We have been asked on the PainSmith helpline about temporary rent variations during the current pandemic. Whilst formalities are not totally necessary for such an agreement they are certainly in the best interest of both landlord and tenant.
Some tenants are unable or struggling to pay rent due to the current pandemic. People have lost their jobs or been put on furlough which means that their usual monthly income is lower than when they originally entered into any tenancy agreement. For this reason, landlords are being contacted to discuss rent reductions or suspensions.
Some landlords will for one reason or another refuse a rent reduction or suspension and legally they are entitled to do so. However, landlords that are reluctant to agree to a reduction may need to consider that having a tenant at a lower rent is better than having no tenant with little prospect of finding a new one any time soon. Therefore where landlords are considering a tenant’s request for a reduction or suspension they should first have a clear agreement on the terms and any review or expiration period.
Once a plan of action is clear we recommend that parties put the agreement into writing. It is possible to formalise the agreement by email exchange. However, there is a risk that something important could be missed or overlooked. A formal document will ensure that the parties note all that has been discussed and consider further issues which may arise when considering how the plan will work.
The formal agreement should include (not an exhaustive list):
- Whether there is to be a rent reduction or a rent suspension;
- If a reduction, the exact amount;
- Period of time the agreement will last;
- Exact date on which the agreement is to end or whether a review should be considered; and
- If applicable, an agreement on how and when any rent arrears should be cleared; and
- Will interest be charged on any arrears. If so, from what date and at what rate?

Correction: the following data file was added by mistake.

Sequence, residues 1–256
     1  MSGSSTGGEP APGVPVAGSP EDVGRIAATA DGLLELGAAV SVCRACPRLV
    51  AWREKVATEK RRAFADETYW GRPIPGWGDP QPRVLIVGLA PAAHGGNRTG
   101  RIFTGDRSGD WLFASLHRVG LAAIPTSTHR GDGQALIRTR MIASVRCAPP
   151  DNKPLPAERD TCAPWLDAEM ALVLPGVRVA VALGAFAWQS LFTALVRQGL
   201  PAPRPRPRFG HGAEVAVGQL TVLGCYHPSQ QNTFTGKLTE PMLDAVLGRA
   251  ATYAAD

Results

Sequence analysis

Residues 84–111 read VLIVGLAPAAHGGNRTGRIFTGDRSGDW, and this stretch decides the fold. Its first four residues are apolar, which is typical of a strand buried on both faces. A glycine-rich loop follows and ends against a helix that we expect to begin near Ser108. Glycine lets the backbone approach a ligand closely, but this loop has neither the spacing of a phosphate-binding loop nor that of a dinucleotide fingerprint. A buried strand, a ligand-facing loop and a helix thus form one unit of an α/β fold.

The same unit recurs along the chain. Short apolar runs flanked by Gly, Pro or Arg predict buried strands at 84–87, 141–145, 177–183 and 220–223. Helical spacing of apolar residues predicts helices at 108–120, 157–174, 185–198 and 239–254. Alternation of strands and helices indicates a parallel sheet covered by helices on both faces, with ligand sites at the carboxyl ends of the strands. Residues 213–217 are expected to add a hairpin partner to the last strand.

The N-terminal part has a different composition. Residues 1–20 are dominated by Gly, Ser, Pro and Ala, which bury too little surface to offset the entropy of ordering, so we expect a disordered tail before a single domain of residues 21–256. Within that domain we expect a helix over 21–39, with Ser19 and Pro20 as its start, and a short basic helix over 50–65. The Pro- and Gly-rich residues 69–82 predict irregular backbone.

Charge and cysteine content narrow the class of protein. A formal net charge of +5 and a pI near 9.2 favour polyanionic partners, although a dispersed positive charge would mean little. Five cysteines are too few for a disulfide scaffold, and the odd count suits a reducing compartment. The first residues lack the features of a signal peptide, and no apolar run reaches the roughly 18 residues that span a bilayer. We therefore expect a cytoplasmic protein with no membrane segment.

The agreement could be evidenced as stated previously by a simple email exchange or letter. Alternatively, a formal document could be signed detailing the agreement. The formal agreement recommended is a Deed of Variation. However, we recognise that at this current time there may be difficulties having any signature on a deed witnessed.
A party signing a deed in person should only be witnessed in person where social distancing measures can be adhered to. The other option is for the witnessing to take place virtually i.e. via skype or a similar platform and the witness then signing a copy of the deed confirming what they have witnessed. This process is a little difficult and we appreciate that parties may elect to take an easier option however, in the event of a dispute a single formal document clearly setting out the parties’ intentions is much easier to present in court than a ream of emails.
The easy paperwork option would be for the parties to agree a new fixed term tenancy with any rent reduction or suspension noted. Where a new tenancy is not desirable a Deed of Variation should again be agreed and formalised.
Where parties agree to a formal agreement on any rent payments including any future rent payments the ‘Section 13’ process will be redundant. It is for this reason that we recommend that any rent variation agreement is evidenced formally.
Tenant Fees Act 2019
Where landlords agree to a rent variation, they are entitled to apply a reasonable charge for the formalities of executing it. However, the charge is limited to £50 or the reasonable costs of doing the work. Evidence of the reasonable cost will need to be retained and a tenant is entitled to dispute the cost if they believe it is excessive. A tenant who believes the costs are excessive may refuse to pay in which case the variation may not take place. However, landlords are advised that it is in their best interest to amicably resolve the matter rather than to apply additional charges leading to disputes which could result in further and higher rent arrears.
Finally, it is important that any rent variation agreement does not permit any charges that breach or appear to breach the Tenant Fees Act. With that in mind we refer to our previous post which lists permitted payments for our readers reference.
The contents of this blog post is not legal advice and is provided for general information purposes only. If legal advice is needed readers should contact a solicitor. No responsibility for any information contained within this post is accepted and PainSmith solicitors accepts no liability in respect of the contents or for action taken based on this post.